“Every nurse was drawn to nursing because of a desire to care, to serve, or to help.” – Christina Feist-Heilmeier, RN
In honor of National Nurse’s Week 2022, we are celebrating nurses and their huge impact on health care in the United States.
Nurses share the most important milestones with their patients on some of their toughest days. The past years have been a difficult time for health care workers, and we are forever grateful for the nurses who continue to show tireless commitment and compassion to all.
Learn about 5 nurses who made huge strides in American history, and how you can continue the work they began in their home states.
1. Mary Eliza Mahoney
Nurse Mary Eliza Mahoney (1845 – 1926) was America’s first black registered nurse. Nurse Mahoney stood in the face of discrimination in the health care industry, and encouraged greater workforce equality for African American people, and for women as a whole. Women of color helped heal the sick and injured for decades, and Nurse Mahoney herself worked at the New England Hospital for Women and Children for fifteen years before being accepted into their professional training program.
Throughout her lifetime, Nurse Mahoney continuously fought to further the rights of people of color in health care, and pushed for increased memberships of black women with groups like the American Nurses Association. Mary Eliza was known for her legendary bedside manner and caring nature, which earned her the hearts and appreciation of patients across New England.
Continue their work: Mary Eliza Mahoney was born in Boston, Massachusetts. We are seeking Nurse Practitioners for an established Urgent Care practice just minutes to Boston. The employer is looking for a part or full-time provider to staff a state-of-the-art care center. This organization’s focus is to treat their patients with respect and care, and have them leave with a smile on their face. (Job #144100)
2. Clara Barton
Nurse Clara Harlowe Barton (1821 – 1912) is famous for founding the American Red Cross. She is one of the most honored women in American history, after risking her life to bring supplies and support to soldiers in the field during the Civil War, donning her, “the angel of the battlefield”.
The American Red Cross was founded in May of 1881 in Washington, D.C. This organization feeds and provides comfort to victims of disasters, supplies 40% of the nation’s blood, teaches skills that save lives, distributes international humanitarian aid, and supports families nationwide. Clara led the American Red Cross for 23 years.
Continue their work: Clara Barton founded the American Red Cross in Washington, D.C. We are seeking a Nurse Practitioner Midwife in the D.C, area. This established OB practice offers an excellent call schedule, and partnership after the second year. There is a growing patient population in this charming community. (Job #128316)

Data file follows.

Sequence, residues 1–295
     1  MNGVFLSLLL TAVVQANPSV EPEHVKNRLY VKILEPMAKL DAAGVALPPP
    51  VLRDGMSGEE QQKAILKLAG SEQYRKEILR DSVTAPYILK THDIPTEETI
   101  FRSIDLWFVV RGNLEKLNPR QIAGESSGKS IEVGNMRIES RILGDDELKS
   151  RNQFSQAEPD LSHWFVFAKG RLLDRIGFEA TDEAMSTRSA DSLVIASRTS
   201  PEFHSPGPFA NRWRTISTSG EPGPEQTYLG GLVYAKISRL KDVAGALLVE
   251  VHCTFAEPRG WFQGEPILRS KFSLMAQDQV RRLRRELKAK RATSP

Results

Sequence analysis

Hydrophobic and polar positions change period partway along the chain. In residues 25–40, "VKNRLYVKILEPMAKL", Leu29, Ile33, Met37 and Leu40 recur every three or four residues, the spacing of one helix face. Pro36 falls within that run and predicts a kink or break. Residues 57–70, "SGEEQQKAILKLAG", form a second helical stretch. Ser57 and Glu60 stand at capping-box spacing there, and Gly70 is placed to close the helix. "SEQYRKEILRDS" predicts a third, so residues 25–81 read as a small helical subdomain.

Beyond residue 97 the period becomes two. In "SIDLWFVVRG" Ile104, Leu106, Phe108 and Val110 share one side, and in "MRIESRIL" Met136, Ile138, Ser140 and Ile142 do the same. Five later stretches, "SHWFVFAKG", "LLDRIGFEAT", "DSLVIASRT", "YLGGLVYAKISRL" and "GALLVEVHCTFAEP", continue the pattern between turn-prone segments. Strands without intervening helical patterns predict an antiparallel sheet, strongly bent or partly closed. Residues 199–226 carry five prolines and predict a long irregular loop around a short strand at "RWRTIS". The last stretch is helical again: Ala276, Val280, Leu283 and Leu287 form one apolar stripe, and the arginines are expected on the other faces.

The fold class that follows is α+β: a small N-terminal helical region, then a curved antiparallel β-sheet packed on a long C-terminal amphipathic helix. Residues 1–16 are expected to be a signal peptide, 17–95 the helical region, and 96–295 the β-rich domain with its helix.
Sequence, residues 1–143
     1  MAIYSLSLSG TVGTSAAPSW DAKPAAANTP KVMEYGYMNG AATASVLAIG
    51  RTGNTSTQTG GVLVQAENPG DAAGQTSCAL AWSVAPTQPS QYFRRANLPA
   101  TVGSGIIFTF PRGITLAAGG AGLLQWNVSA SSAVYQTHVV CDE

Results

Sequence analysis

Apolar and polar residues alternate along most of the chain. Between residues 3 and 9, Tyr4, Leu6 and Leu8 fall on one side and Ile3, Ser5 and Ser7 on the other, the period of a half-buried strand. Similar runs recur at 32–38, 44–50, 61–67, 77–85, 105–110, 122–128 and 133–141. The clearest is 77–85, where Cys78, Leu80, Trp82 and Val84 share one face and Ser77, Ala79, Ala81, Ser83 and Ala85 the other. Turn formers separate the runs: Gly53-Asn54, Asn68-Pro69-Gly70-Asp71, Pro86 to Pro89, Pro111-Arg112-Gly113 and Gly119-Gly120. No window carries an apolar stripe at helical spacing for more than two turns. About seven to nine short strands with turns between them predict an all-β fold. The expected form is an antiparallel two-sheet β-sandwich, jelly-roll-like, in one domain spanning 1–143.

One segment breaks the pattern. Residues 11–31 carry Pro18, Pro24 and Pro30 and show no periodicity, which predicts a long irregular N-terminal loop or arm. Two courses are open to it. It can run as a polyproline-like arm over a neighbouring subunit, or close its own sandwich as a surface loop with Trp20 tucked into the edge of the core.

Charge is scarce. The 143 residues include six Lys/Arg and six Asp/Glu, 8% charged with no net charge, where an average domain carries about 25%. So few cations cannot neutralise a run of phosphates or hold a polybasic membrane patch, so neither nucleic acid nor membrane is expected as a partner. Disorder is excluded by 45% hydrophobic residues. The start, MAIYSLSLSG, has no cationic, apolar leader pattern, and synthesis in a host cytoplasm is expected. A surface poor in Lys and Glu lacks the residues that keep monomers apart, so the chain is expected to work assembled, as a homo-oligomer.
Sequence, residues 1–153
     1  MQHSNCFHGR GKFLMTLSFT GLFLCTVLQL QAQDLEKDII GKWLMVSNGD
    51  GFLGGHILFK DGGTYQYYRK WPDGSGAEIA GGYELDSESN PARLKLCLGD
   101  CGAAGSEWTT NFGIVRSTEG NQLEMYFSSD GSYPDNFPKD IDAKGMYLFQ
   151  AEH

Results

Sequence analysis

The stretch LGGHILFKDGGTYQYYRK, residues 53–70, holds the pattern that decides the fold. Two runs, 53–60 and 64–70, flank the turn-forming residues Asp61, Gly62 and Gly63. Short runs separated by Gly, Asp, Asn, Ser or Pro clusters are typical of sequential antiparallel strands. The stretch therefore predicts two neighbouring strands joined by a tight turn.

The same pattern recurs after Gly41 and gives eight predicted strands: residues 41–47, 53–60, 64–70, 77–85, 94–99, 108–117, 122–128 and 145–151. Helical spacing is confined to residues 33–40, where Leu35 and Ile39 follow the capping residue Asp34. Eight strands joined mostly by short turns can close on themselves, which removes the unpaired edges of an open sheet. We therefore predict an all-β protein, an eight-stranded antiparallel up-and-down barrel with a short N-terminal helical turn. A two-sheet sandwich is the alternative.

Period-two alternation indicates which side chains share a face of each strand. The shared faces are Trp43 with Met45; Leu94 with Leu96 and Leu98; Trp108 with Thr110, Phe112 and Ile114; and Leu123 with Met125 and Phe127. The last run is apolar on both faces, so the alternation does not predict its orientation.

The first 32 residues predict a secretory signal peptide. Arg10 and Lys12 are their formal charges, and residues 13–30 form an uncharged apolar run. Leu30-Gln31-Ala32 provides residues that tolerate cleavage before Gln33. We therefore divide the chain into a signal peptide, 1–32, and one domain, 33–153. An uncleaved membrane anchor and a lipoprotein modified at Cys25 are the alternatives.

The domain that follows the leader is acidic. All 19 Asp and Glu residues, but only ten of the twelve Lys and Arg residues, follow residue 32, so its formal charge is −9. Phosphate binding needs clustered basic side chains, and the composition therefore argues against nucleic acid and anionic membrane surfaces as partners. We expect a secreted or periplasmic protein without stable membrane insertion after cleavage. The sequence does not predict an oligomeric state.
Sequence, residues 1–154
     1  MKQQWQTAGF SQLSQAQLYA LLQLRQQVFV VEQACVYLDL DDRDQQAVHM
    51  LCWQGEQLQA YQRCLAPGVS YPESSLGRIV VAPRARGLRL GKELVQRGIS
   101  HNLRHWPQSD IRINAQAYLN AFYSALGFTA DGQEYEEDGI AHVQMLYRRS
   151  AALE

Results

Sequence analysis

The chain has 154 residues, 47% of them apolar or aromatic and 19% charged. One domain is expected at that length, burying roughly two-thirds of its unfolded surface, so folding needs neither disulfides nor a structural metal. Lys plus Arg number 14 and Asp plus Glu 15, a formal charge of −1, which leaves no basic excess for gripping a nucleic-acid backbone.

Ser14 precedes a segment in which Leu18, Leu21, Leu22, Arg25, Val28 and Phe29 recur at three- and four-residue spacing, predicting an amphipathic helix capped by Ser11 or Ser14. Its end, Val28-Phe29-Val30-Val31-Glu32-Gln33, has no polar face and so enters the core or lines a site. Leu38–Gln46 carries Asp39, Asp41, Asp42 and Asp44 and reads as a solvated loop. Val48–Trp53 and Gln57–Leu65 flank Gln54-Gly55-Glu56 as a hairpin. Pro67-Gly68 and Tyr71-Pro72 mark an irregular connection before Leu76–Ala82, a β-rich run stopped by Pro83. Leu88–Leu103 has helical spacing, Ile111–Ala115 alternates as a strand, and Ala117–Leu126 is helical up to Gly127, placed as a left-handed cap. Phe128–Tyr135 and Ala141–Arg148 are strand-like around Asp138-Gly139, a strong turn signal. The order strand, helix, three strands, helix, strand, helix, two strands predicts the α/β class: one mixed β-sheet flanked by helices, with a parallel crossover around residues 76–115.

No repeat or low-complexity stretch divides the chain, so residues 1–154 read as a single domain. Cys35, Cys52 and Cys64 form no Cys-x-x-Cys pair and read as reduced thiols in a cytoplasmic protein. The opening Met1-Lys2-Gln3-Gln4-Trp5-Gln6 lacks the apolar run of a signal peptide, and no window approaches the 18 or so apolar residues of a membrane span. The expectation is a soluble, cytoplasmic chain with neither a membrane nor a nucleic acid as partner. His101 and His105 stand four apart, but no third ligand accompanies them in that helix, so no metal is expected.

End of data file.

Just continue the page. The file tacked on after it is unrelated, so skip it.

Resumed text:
3. Mary Breckinridge
Nurse Mary Carson Breckinridge (1881 – 1965) was a pioneer nurse and midwife who brought modern nursing methods to rural areas across the United States. She was the founder of the Frontier Nursing Service, which provided family medicine care to the people of rural Kentucky. Impoverished areas off of the road, but accessible by horseback, were suffering from lack of modern health care, and the FNS made it accessible to them.
Nurse Breckinridge was also the driving force behind the development of American midwifery. After seeing high maternal mortality, Mary came to believe that health care should begin in the prenatal stage, and helped to revolutionize women’s’ health care.
Continue their work: Mary Breckinridge is from the rural town of Hyden, Kentucky. We have Nurse Practitioner jobs all across the state of Kentucky, including Psychiatric, Pain, MAT Suboxone, and Pulmonology clinics. Full and part time options are available to care for an underserved patient base. (Job #129957)
4. Lieutenant Edward T. Lyon
Lieutenant Edward T. Lyon (1871 – 1931) was the first male nurse to be commissioned in the Army Nurse Corps in the United States. His entry into the army paved the way to normalize male nursing to this day. It took more than five decades of persistence, and many letters to Congress, for Lt. Lyon to pass this milestone.
This was absolutely groundbreaking at the time. In modern health care, there are more men in nursing today than at any other time in history!
Continue their work: Edward Lyon was born in Hixton, Wisconsin. Our client is seeking a Cardiology Nurse Practitioner to join their regional health care team in the Milwaukee region. Low cost of living and strong compensation pair together to make this a great opportunity for motivated providers. (Job #135513)
5. Lillian D Wald
Nurse Lillian D. Wald (1867 – 1940) was an American nurse and humanitarian who is known as a major advocate for affordable public health. Nurse Wald founded both the Visiting Nurse Service, and the Henry Street Settlement to help those in need. She established the Women’s Trade League Union in 1903 and lobbied to end child labor with the Children’s Bureau in 1912.
Lillian was an early advocate to have nurses in public schools. She helped to bring health care to the residents of New York’s lower east side, and worked for her entire life to create a more just society through health care.
Continue their work: Lillian Wald spent most of her life in New York City. There is an immediate need for a Nurse Practitioner to join an FQHC in the New York City suburbs. The desired provider will be interested in working 2 days per week in one location and spend their other 3 work days floating to different sites within close proximity of each other. Hours vary for flexible scheduling options. (Job #139604)
Once again, we say THANK YOU to these great nurses of history, and to nurses everywhere. If you are interested in these job listings, or jobs in any other state, call us at (800) 880-2028 to advance your career.
Happy Nurse’s Week!